"We're under the gun here a little," Tenanes acknowledged, standing in the 1,200-foot-long courtyard that will be the central artery, where the view was dominated by dirt, construction equipment and half-painted buildings.

In a timetable that provides one measure of Facebook's growth, the company hopes to build an entirely new West Campus across the street, and win approval to house a combined 9,400 workers in the East and West campuses by the first quarter of 2014.

Open look

As in other Facebook offices, all the overhead heating and cooling ductwork in the new campus is exposed, with power and data cables hanging from the ceiling to individual work spaces. (To foster collaboration, Facebook employees don't have offices or cubicles; virtually everyone works side by side at long undivided tables.)

In Menlo Park, however, Facebook has taken the unfinished look even further. Employees can still write on the wall. But in the new campus, Facebook has added floor-to-ceiling blackboards where employees have additional opportunities for self-expression — including, as one person had written in blue chalk, "Don't be Googley," a wry poke at Facebook's biggest rival.

Throughout, Tenanes and his design team have tried to emphasize a scrappy irreverence, an on-the-cheap, do-it-yourself-ism that characterizes the computer-hacker culture Facebook embraces.

Facebook, for example, won't remove the "Sun Microsystems" logo from many doors it reused from the former owner. Tenanes would only say the Sun logos are "artifacts" of an earlier era in Silicon Valley. They also are a pointed reminder to employees about the fate of tech companies that fail to lead the wave of innovation.

"It's a really cool new space," said Rob Lauer, a Facebook employee who was traversing one of the hallways on a skateboard while on a break. "It feels really hacky because there's a lot of construction going on — but that's Facebook."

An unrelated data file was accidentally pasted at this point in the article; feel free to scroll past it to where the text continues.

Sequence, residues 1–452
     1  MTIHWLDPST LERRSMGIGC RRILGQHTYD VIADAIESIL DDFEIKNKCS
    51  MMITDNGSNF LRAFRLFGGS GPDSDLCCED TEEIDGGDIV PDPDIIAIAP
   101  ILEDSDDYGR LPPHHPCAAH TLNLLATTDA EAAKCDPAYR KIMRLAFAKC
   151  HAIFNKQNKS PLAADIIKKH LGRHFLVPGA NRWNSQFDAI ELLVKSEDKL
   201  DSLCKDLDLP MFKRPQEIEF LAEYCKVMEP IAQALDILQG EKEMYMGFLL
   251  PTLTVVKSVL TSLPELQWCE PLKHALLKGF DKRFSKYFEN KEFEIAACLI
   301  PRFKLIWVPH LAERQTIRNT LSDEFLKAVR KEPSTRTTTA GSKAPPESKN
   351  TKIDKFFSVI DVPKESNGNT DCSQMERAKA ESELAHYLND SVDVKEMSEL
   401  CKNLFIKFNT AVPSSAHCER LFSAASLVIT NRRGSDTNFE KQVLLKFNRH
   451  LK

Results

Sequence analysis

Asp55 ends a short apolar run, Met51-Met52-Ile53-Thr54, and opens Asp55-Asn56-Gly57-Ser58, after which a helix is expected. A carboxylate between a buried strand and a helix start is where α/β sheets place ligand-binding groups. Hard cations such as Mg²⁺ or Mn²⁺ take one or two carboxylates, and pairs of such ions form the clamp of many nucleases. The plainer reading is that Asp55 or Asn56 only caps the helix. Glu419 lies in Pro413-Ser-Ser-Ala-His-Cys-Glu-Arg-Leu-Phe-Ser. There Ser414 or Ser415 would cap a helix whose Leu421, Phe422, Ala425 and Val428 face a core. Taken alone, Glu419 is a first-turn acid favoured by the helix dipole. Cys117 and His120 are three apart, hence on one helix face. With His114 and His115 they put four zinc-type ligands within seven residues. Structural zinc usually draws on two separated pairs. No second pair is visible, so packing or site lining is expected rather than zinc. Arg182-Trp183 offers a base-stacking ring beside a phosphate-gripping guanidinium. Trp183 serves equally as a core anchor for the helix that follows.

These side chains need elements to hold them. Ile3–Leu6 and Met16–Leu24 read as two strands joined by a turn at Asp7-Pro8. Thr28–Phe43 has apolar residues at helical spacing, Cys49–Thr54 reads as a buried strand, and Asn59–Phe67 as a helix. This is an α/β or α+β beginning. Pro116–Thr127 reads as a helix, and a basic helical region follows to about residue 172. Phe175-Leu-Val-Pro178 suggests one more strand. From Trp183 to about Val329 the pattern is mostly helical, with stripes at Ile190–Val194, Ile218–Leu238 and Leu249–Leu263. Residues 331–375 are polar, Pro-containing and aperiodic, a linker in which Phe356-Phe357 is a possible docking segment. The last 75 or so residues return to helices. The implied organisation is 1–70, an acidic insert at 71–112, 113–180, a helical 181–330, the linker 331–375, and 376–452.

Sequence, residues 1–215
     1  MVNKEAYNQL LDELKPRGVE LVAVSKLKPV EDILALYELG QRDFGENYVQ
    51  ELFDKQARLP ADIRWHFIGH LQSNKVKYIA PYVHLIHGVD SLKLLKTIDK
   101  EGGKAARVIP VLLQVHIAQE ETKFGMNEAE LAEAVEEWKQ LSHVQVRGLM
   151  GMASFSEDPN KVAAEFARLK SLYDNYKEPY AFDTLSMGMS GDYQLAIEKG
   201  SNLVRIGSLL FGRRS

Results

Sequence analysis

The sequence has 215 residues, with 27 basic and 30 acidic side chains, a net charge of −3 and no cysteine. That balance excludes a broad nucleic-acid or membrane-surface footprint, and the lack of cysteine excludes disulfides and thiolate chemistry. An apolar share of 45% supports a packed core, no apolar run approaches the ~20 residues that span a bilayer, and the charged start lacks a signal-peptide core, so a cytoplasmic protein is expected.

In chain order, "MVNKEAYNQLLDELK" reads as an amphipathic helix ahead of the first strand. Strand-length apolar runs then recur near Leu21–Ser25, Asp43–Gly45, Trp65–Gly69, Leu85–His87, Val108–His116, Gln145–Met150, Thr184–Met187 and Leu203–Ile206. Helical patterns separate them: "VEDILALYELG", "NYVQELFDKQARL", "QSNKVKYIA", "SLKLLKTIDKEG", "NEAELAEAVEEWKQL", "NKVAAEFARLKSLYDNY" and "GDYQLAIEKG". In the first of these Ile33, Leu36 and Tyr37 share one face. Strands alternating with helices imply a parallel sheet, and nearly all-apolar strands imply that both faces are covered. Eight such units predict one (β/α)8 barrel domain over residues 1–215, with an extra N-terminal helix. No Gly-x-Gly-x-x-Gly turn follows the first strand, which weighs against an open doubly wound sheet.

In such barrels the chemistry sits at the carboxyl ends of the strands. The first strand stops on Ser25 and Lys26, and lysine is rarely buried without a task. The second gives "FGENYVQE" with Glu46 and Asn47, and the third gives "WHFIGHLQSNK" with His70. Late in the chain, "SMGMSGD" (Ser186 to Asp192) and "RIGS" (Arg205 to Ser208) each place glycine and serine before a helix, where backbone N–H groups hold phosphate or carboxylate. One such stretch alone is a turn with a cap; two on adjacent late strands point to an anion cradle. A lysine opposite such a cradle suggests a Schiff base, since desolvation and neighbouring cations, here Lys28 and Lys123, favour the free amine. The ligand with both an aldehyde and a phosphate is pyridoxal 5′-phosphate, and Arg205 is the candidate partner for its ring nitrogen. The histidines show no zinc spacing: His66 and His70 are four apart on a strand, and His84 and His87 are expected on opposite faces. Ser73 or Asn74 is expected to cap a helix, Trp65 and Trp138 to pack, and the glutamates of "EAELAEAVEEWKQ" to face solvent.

From the GM headquarters in Detroit to the Chrysler building in New York, companies have long used architecture to broadcast their brand, said Alan Hess, an architect and architecture critic for the San Jose Mercury News.

Projecting its brand

The Facebook headquarters "is very different from what the new Apple headquarters would be, which is extremely controlled" architecture, but Facebook is also using architecture to project its brand externally, as well as transmitting its culture internally. "It's architecture as a management tool," Hess said.

Throughout the central courtyard, Tenanes and his designers are trying to bring a sense of place to the campus. The central courtyard will get a stand-alone wooden BBQ shack, and the long courtyard will be lined with everything from food and coffee stands, to walk-up laptop-repair counters, and possibly even space for a resident artist.

Perhaps fittingly, Facebook's big man on campus gets the most social work space — on the ground floor facing the birch-lined space that is the widest area of the 5-acre courtyard.

"This will just be an open plaza," Tenanes said, standing in the dirt outside what will be Zuckerberg's new work space come late December. "It'll be totally a place to hang out."